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Students Fight Back as Schools, Parents Seek to Censor Even Malala, Sesame Street on Race

The kids are alright.

Elmo talking with a Black child and parent at a park. (Image: Sesame Street/HBO.)

Students and educators around the country are trying to figure how to learn/teach about the harsh realities of our world while also pushing against right-wing censorship banning the subjects. In one Pennsylvania school district, kids have had enough and are fighting back.

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Last year, heated school debates resulted in the York, Pennsylvania schools banning (and, in some cases, holding ongoing “reviews” of) a four-page list of materials. In the list sent to teachers across the Central York District, books banned from use in the classroom included titles like a biography on Rosa Parks and 19 other books in the “Who Is/Was _____?” series. (Not about everyone, of course. Just people like Michelle Obama, Sonia Sotomayor, Susann B. Anthony, Frida Kahlo, etc.) They include a whole list that is just a spreadsheet of books, based on grade level, that lists recommendations of books by or about people of color.

What is not discussed as much is that this conservative backlash included a book called Come Over to My House, by Dr. Seuss. The book features children around the world learning about each other’s different cultures. People really bent over backwards to buy up his racist books that were no longer being printed (as well as ones not challenged, but bought anyways to “own the libs”), but this book that came at the end of his career and seeks to celebrate diversity and make amends? Yeah, that book is okay to ban, apparently.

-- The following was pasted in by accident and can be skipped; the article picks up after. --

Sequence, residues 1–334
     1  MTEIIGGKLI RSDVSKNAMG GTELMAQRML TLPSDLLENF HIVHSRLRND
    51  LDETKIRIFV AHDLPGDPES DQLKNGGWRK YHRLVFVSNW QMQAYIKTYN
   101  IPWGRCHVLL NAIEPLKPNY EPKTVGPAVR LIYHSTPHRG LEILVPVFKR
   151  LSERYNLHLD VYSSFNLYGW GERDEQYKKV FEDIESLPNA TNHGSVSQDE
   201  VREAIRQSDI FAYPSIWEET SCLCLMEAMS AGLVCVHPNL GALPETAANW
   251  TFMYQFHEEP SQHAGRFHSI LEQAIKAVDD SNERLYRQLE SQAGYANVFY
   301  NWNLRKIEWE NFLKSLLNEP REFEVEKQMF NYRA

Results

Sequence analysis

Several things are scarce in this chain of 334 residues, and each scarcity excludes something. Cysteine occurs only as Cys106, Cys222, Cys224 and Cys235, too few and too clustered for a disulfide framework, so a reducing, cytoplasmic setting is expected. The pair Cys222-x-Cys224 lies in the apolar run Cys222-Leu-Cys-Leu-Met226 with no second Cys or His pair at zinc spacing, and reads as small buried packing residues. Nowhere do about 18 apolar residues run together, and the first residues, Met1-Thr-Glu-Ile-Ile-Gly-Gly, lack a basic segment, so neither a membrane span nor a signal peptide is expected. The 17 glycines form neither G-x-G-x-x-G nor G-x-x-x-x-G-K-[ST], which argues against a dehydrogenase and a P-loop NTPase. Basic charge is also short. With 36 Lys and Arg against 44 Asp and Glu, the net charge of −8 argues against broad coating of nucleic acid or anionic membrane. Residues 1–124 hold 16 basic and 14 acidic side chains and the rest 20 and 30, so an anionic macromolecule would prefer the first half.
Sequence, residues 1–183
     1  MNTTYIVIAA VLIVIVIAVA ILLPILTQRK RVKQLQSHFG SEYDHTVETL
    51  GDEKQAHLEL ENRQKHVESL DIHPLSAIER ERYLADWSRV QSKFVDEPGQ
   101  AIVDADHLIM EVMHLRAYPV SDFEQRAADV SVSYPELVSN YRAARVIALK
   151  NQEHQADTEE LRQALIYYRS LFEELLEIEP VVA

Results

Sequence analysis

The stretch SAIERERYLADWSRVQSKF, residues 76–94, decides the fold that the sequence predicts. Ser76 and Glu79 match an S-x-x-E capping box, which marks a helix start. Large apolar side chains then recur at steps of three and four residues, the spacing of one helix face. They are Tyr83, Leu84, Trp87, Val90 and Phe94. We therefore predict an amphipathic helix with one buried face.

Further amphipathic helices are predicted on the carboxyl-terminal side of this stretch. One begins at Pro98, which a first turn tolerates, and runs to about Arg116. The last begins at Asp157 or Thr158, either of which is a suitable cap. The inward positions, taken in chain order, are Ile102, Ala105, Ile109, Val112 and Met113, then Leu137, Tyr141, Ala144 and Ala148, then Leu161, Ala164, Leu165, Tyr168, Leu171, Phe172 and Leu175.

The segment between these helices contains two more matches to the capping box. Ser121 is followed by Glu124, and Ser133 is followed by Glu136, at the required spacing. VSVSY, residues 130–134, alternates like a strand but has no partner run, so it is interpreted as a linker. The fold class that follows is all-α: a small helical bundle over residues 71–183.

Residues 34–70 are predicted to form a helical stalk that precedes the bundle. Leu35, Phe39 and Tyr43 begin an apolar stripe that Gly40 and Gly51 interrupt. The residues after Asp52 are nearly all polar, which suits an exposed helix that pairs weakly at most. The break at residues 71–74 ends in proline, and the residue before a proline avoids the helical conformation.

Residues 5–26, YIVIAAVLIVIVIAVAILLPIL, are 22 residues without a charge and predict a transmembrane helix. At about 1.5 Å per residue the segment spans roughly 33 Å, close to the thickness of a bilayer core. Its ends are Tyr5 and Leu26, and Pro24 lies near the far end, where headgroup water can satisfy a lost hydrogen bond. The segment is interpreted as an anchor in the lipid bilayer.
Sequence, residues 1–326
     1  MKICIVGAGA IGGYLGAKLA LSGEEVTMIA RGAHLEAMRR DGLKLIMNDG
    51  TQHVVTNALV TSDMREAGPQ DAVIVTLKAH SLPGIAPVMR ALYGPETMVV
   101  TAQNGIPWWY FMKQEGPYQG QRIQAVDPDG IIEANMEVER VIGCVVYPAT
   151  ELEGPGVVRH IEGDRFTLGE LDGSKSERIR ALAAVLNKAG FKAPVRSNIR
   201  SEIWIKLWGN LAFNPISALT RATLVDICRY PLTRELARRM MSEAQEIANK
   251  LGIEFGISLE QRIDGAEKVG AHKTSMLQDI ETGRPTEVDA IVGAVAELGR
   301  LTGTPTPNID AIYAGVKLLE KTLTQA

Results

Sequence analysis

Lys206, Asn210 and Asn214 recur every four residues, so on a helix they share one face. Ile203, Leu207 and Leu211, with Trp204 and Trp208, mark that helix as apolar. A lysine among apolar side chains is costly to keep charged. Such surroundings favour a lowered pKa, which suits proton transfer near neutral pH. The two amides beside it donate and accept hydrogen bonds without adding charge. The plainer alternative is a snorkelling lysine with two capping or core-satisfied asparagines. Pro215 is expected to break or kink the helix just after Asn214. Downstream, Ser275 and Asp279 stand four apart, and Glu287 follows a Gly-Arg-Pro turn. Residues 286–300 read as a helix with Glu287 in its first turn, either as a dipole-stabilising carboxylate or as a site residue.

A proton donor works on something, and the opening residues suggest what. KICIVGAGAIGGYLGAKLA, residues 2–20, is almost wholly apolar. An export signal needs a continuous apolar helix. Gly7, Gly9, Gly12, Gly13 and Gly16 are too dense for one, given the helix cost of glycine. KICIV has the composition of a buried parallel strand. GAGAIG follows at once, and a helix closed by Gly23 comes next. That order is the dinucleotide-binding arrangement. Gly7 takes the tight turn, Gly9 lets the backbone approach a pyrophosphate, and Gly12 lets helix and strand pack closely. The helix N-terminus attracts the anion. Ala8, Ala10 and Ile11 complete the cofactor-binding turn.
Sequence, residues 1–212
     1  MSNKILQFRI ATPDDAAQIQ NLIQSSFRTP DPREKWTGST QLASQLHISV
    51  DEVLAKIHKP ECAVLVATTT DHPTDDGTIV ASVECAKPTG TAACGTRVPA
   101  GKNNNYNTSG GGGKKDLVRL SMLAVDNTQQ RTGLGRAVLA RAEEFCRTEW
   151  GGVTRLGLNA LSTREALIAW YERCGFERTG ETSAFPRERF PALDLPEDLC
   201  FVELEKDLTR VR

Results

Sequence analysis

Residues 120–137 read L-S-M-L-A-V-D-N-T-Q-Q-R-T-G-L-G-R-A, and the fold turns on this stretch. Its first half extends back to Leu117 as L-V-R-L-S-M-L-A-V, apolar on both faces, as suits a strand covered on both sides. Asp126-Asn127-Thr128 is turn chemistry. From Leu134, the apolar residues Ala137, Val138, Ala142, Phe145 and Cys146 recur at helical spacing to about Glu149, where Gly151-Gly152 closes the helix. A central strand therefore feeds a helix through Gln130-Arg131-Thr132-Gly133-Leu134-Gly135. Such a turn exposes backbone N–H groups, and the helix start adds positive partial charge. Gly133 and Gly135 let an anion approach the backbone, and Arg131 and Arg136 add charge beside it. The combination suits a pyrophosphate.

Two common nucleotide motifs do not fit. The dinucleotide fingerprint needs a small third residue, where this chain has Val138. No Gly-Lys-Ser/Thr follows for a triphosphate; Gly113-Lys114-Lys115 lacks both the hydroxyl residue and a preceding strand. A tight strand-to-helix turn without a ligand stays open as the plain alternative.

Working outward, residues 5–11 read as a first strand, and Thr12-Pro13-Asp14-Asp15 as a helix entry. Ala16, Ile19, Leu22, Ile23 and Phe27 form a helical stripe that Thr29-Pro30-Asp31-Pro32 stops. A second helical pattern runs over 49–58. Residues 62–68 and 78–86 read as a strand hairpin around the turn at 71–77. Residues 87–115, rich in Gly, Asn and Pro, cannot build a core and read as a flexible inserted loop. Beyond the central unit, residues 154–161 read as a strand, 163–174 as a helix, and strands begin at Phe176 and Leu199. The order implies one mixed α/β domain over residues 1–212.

The banned material does not stop at books. There are articles, videos, documentaries (even from PBS), presentations, webinar recordings, and virtual events. The list includes everything on the Learning For Justice website (formerly Teaching Tolerance), and even the Sesame Street/CNN town hall addressing racism. They went after ELMO AND BIG BIRD.

Speaking to The Morning Call (TMC)—anonymously, to protect their job—one teacher said that the list was “disgusting”: “Let’s just call it what it is — every author on that list is a Black voice.”  (True, before diving into the picture book list and spreadsheets.)

A spokesperson for the Pennsylvania State Education Association told TMC in an email, “They’re banning material from ‘Sesame Street,’ but not David Duke. They’re banning PBS, but not the KKK…They’ve even banned the Pennsylvania Association of School Administrators’ statement on racism — which acknowledges that racism exists and is bad.”

School board meetings, city council meetings, and other types of local governments have been the most effective battle ground for QAnon and conservative media talking points across the country. It goes beyond the COVID-19 debates, as these spaces are used to push against any attempt to address racism, sexism, homophobia, transphobia, and ableist policies/practices in our communities. We are still in the “talking about racism is worse than actual racism” part of the timeline.

Admin are calling this ban a “freeze” (that has lasted over a year) for “review.” They know “ban” sounds bad, but the change of language doesn’t hide what they are doing.